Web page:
Wow, I'm amazed at some of the comments here. I believe that the sign was intended as social commentary. Whether or not the U.S.A. has an "official" language or not, effectively it is English. English *is* the official language of 27 states. (Wikipedia "Languages of the United States" entry) French is the official language of France, but they have a large immigrant community. (Wikipedia "French language" entry) Does that make them discriminatory? America does not compare to the European Union, because the EU is composed of individual sovereign countries and the Union is only an economic alliance. The business owner is not discriminating, because he does not single out any particular group. I suspect he gets more business than he loses because of that sign. The reason so many people have a problem with immigrants is that they come to the US and *demand* supposed rights to which they are not, in the opinion of most citizens, entitled. Language problems are compounded by the trend of "ghettoization." It used to be that certain communities were isolated because they were not accepted by the larger society. (i.e., Jews in Europe, Irish in New York, etc.) Then, the goal of immigrants was to blend into society, which gave them and their children greater opportunities. Now, more and more, they seem to be intentionally carving out private neighborhoods. I have a problem with anyone who moves to a foreign country, then demands that the locals meet them on their own terms.
Jillness Jillness 9 years
"Since the sign is in English, people who don't speak English aren't going to get the message anyway." :ROTFL: 75 comments, and you are the first to notice!!! Juju gets an A for the day!!! Work it! ;)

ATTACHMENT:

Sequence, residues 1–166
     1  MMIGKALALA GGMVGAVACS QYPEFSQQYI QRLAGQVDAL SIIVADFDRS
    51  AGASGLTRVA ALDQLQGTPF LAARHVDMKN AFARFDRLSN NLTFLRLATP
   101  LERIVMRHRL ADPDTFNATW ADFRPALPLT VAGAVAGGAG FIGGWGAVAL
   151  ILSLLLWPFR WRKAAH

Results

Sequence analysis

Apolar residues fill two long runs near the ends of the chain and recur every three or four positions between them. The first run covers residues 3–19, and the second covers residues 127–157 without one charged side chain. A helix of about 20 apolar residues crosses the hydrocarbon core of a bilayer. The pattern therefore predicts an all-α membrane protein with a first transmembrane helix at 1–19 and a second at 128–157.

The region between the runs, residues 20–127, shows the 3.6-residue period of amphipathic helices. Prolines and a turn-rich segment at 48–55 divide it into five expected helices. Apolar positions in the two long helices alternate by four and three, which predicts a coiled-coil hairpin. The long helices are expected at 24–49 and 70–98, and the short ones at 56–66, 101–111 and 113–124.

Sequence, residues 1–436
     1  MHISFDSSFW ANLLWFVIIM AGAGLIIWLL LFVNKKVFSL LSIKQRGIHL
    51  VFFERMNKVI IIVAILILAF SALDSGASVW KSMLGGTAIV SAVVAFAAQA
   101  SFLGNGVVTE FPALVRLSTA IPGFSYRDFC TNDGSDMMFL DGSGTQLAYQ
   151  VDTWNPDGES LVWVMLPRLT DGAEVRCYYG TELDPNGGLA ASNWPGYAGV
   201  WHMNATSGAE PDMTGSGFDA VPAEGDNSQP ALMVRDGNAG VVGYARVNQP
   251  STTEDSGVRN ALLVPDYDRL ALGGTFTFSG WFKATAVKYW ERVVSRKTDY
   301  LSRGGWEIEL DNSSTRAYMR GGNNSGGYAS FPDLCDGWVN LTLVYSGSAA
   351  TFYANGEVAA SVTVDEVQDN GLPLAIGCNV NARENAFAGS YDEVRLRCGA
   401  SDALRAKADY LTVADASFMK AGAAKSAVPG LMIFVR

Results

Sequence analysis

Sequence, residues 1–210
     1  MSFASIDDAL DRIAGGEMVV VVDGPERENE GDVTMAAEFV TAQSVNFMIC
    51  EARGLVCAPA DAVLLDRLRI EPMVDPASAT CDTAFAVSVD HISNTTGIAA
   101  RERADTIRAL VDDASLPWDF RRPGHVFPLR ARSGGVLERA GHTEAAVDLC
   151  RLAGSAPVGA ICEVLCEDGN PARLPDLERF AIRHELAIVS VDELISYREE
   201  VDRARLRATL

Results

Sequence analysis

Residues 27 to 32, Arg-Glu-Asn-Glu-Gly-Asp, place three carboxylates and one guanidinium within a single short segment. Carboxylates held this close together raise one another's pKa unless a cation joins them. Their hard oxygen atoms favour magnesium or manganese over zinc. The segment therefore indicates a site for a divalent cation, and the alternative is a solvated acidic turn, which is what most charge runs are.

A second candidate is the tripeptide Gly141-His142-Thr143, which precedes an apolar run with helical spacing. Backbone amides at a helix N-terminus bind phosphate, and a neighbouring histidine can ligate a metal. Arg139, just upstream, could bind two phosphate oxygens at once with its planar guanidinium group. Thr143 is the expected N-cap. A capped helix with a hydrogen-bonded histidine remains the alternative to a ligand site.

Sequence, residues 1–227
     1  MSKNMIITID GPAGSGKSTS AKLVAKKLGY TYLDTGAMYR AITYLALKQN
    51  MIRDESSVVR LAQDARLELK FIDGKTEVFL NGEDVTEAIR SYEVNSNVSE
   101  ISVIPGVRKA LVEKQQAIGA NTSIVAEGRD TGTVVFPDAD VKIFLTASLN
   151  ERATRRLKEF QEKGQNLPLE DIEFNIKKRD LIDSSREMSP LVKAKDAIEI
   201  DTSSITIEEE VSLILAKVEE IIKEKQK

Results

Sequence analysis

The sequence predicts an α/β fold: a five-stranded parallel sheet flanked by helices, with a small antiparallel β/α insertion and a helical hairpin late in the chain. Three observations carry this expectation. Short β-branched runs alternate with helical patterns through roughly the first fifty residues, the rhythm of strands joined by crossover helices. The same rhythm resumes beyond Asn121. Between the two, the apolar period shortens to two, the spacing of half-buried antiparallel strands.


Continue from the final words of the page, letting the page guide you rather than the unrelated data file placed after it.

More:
juju4 juju4 9 years
Since the sign is in English, people who don't speak English aren't going to get the message anyway. :-)
Jillness Jillness 9 years
I had jury duty last year. During the selection process, there were 3 women who all were released because they didn't know english well enough. They had been citizens for 18, 25, and 30 years. One woman owned her own business. Jury duty greatly affected my life and finances in a negitive way, and the fact that these people were allowed to skip it felt unjust. I think it takes a long time to learn english, and I understand that it has been scientifically proven that after a certain age you stop having the ability to hear certain syllables if you have never heard them before. However, I do think that citizens have an obligation to contribute to the civic process, and that after 5 or 10 years, you have had plenty of time to achieve a basic understanding (all that was required by the judge was a "basic understanding"). I feel that language is part of what keeps self segregation in place. I think that immigrants who have adapted to life in the US and bi-lingual citizens involved in their communities should help others who are new in order to enable the integration process. IMO, the more easily we can communicate, the better off all of society is. Plus, I feel that if you do not have a basic understanding of the language that our laws are written in, you are vulnerable.
Jillness Jillness 9 years
FYI- I wasn't saying I LIKE smoking in bars or resturants, I just think that it should be up to the business owners. A "No Smoking bar" or a "Smoke Here! Bar" both could have their own demographic to cater to.
zeze zeze 9 years